The supply of that oil is finite, and/or expensive.

One reason that corn-based ethanol is not the dominant fuel of modern
America is its inflationary effect on food and feed costs.

It could fuel a portion of transportation demand, but only a minor

I know you live off the grid, and in the boonies.

I believe that the vast majority of social energy utilization
improvements possible are SOCIAL ones, not of individual choices

So, if you seek to decrease American dependance on oil as a goal, or
global CO2 emissions as a goal, that's where to look. All three
(individual choices, cooperation, intentional social design:
technology, utilization, social design).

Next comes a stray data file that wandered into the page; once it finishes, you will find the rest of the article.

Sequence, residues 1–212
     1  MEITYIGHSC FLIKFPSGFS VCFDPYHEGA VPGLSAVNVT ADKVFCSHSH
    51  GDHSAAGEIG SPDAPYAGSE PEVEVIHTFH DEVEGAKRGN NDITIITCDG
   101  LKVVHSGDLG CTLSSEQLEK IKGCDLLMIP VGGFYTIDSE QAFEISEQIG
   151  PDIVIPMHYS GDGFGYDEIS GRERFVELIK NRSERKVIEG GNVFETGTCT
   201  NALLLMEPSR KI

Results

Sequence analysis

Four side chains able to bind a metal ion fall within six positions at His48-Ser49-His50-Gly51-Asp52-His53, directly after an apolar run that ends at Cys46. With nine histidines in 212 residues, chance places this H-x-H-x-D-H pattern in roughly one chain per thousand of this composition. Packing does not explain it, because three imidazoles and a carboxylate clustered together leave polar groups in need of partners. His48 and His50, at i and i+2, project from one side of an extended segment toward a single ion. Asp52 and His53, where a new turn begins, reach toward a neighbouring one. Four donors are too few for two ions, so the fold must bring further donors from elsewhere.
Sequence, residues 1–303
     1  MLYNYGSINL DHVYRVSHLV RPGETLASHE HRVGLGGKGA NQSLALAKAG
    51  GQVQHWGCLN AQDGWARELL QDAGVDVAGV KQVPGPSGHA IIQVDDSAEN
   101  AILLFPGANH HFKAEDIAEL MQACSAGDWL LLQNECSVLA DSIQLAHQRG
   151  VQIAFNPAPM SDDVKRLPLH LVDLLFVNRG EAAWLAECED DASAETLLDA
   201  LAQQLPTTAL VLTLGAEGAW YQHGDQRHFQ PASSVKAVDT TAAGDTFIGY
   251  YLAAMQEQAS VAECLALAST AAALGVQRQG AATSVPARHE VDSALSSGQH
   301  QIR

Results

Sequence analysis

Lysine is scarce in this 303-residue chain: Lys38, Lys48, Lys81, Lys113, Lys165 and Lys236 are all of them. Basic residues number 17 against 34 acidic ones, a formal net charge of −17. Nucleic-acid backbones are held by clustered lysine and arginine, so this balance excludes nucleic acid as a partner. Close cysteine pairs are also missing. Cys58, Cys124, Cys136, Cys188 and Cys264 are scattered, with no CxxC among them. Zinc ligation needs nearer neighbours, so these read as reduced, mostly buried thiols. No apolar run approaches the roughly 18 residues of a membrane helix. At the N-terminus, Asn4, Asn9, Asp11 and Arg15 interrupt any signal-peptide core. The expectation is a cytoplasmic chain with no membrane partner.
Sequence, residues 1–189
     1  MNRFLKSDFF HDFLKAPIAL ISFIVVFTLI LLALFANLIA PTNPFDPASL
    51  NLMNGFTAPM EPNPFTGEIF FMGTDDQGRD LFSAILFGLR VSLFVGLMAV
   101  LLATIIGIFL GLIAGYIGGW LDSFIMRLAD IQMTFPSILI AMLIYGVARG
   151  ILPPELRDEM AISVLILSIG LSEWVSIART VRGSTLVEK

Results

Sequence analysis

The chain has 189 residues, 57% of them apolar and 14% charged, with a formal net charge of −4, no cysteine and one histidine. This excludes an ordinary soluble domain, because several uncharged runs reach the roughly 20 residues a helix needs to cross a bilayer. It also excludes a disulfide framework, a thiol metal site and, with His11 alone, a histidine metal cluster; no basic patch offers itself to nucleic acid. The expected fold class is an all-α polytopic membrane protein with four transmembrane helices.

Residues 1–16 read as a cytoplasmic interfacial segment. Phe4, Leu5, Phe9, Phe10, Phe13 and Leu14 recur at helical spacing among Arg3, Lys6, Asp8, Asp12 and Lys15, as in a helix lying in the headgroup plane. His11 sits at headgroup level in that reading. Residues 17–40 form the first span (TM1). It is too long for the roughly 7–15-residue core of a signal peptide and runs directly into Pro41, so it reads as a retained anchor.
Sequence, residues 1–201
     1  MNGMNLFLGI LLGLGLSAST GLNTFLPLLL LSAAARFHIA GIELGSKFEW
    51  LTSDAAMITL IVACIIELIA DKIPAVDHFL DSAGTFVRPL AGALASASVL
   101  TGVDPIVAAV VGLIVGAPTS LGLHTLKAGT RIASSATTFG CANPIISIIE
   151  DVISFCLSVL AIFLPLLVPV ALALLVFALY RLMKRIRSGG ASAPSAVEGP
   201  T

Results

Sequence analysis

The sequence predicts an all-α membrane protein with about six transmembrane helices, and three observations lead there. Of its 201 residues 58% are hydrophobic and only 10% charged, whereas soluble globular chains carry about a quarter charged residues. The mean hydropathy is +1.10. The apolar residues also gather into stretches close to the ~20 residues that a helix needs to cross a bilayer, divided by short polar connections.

{Nature_and_Environment.2.48}: Phil Gore {zzdormouse} Sun, 22 Aug 2004 18:39:00 CDT (3 lines)

Guess these guys must have me on filter.  But if anybody else is
interested is where you can
find details and links (both pro & con) re:  the Mohican clearcut.


{Nature_and_Environment.2.49}: Phil Gore {zzdormouse} Sun, 22 Aug 2004 18:41:55 CDT (1 line)

And, again, {Nature.13.47} is what I said about the situation, fyi.


{Nature_and_Environment.2.50}: LINDA SAFLEY {earthling2} Sat, 28 Aug 2004 11:18:32 CDT (5 lines)



{Nature_and_Environment.2.51}: Tom Elliot {telliot} Sat, 28 Aug 2004 11:28:38 CDT (HTML)

Hello Linda, welcome to the Environment forum. I'll be interested to hear what you are doing with sustainable energy issues in Baltimore.

One suggestion, please turn off your caps lock key, posting on the internet in all capital letters is the equivalent of shouting and is considered rude (though I know you don't mean to be). Your message will get a better hearing if you disable the caps lock.


{Nature_and_Environment.2.52}: Don Mady {don69} Wed, 01 Sep 2004 10:41:21 CDT (22 lines)